Job growth beginning in Q2 looks to be substantially revised downward

Job growth beginning in Q2 looks to be substantially revised downward

 – by New Deal democrat

Last week the Philadelphia Fed published a working paper suggesting that in the second quarter of this year only 10,500 jobs were actually added, rather than the 1,047,000 as indicated by the monthly Establishment survey. 

Here’s their graph:

Here’s what you need to know about the QCEW (Quarterly Census of Employment and Wages): 

The late Jeff Miller, a portfolio manager who was extremely popular at Seeking Alpha, and was previously a college professor who taught public policy courses and quantitative methodology at the University of Wisconsin-Madison and Lawrence University, had this to say:

“Each quarter the BLS reports data from state employment agencies. Since no one pays insurance premiums on phantom employees, we can expect conservative information. The only problem is that it takes about nine months to get these actual counts.

“Any honest observer of the market would circle the date of this release….” 

The QCEW is generated by more than 95% of all employers, essentially all who pay unemployment insurance; versus the monthly Establishment survey, which is generated by a sample of 650,000 employers.

In order to understand how the Philadelphia Fed arrived at its result, I have gone back and crunched the numbers for Q2 job growth (or losses) in the QCEW since the beginning of the database in 2001. In the below chart, the first line is the year, the 2nd is the non-seasonally adjusted number of jobs added in Q2 in the QCEW, in millions, and the 3rd is the non-seasonally adjusted Establishment survey number:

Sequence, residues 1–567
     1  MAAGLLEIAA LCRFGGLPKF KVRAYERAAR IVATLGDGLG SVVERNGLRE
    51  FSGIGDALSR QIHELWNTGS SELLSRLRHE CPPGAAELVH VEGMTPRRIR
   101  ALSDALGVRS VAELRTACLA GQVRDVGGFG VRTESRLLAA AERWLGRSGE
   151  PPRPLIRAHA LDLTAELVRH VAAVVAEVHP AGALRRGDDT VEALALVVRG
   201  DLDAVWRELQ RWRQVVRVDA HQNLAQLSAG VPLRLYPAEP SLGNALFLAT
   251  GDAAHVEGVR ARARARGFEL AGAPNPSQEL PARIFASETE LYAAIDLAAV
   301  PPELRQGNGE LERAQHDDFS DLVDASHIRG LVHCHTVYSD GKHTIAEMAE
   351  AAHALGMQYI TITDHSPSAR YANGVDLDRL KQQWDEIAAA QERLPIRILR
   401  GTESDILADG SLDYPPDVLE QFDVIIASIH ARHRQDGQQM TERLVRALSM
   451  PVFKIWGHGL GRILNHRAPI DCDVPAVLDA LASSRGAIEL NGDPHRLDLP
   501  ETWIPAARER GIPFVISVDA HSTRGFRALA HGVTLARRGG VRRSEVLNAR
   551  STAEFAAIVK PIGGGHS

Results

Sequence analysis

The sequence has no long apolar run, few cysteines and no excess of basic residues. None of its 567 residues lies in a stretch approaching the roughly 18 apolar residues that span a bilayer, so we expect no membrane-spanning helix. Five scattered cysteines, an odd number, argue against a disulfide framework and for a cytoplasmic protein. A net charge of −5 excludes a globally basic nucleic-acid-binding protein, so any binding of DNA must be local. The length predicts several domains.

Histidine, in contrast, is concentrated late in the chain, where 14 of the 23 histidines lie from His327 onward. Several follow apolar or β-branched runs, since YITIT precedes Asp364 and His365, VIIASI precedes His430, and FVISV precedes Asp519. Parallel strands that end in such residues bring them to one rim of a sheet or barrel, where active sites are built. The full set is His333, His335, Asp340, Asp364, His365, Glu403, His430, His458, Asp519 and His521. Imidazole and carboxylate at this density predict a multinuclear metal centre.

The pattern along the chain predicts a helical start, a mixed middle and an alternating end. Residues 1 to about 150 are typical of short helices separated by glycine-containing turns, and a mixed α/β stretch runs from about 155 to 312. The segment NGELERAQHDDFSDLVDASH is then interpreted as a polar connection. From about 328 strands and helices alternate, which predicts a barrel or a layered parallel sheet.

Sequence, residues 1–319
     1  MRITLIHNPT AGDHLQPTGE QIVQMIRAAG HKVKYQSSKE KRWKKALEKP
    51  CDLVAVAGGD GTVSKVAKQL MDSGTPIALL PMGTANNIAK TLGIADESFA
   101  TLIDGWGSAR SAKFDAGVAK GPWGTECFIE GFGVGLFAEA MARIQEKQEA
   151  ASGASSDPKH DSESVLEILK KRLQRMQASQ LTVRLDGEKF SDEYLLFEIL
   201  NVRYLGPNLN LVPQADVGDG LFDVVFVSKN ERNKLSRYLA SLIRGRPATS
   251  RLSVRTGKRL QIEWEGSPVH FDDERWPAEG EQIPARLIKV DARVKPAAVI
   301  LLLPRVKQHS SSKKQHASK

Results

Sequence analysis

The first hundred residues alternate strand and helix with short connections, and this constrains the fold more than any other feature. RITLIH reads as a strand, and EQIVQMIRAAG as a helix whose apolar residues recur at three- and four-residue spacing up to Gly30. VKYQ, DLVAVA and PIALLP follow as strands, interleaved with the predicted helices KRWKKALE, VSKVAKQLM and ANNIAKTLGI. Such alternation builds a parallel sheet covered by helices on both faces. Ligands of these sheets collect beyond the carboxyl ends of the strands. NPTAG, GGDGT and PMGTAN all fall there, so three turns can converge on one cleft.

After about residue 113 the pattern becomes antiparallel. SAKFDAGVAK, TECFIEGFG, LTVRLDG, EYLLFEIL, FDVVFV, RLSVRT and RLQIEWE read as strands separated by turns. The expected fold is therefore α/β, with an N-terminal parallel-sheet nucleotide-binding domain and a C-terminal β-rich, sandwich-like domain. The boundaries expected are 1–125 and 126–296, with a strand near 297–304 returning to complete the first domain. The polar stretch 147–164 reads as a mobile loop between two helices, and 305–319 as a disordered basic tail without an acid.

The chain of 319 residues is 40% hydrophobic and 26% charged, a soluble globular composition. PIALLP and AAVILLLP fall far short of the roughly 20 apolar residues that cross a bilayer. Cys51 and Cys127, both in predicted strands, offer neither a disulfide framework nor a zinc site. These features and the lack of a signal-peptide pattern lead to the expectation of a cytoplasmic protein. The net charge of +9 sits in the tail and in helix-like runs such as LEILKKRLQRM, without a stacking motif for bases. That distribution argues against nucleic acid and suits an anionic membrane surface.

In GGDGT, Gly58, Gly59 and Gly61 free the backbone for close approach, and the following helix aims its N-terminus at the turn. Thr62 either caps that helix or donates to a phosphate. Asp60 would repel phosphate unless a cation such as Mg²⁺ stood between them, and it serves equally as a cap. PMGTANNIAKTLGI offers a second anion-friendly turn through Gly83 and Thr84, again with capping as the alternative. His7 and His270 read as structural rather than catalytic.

2001 2.0* 1.62

2002 2.5 1.79

2003 2.4 1.74

2004 2.9 2.76

2005 3.0 2.81

2006 2.9 2.58

2007 2.7 2.43

2008 1.9* 1.55

2009 0.7* 0.14

2010 3.1 2.61 

2011 2.7 2.71

2012 2.7 2.46

2013 2.8 2.61

2014 3.2 2.83

2015 3.2 2.75

2016 2.7 2.62

2017 2.9 2.58

2018 2.9 2.70

2019 2.6 2.44

2020 -12.0* -16.3

2021 3.6 3.25**

2022 2.1 2.91

*=lower than Q2 2022 QCEW
**=higher than Q2 2022 CES

I then went back and compared with the seasonally adjusted Q2 numbers in the CES. Every year the NSA QCEW numbers for Q2 were below 2.0, it was showing actual job losses in the seasonally adjusted CES. The three years with the next higher numbers compared with Q2 2022 – 2007, 2012, and 2019 – generated seasonally adjusted CES job gains of 90,000/month, 85,000, and 165,000.

So at this point it very much looks like the Philadelphia Fed’s paper has a lot of merit: the NSA QCEW data shows a very serious slowdown in job growth in Q2. And since the QCEW isn’t a survey sample, but rather collects about 95% of the entire data, it needs to be taken seriously (with the caveat that it is preliminary data).

It’s also in accord with the Household survey, which shows only 12,000 jobs added since March:

and payroll tax collections by the US Treasury, which show a sharp slowdown that is first apparent in June’s +0.5% YoY growth. Here’s my recapitulation of YoY payroll tax payments to the US Treasury for each month of this year through November:

  • January 2022/21: up +21.3%
  • February 2022/21: up+11.6%
  • March 2022/21: up +6.2%
  • April 2022/21: up +11.5%
  • May 2022/21: up+17.2%
  • June 2022/21: up +0.5%
  • July 2022/21: up +5.4%
  • August 2022/21: up +10.2%
  • September 2022/21: up +1.7%
  • October 2022/21: up +12.2%
  • November 2022/21: down -2.5%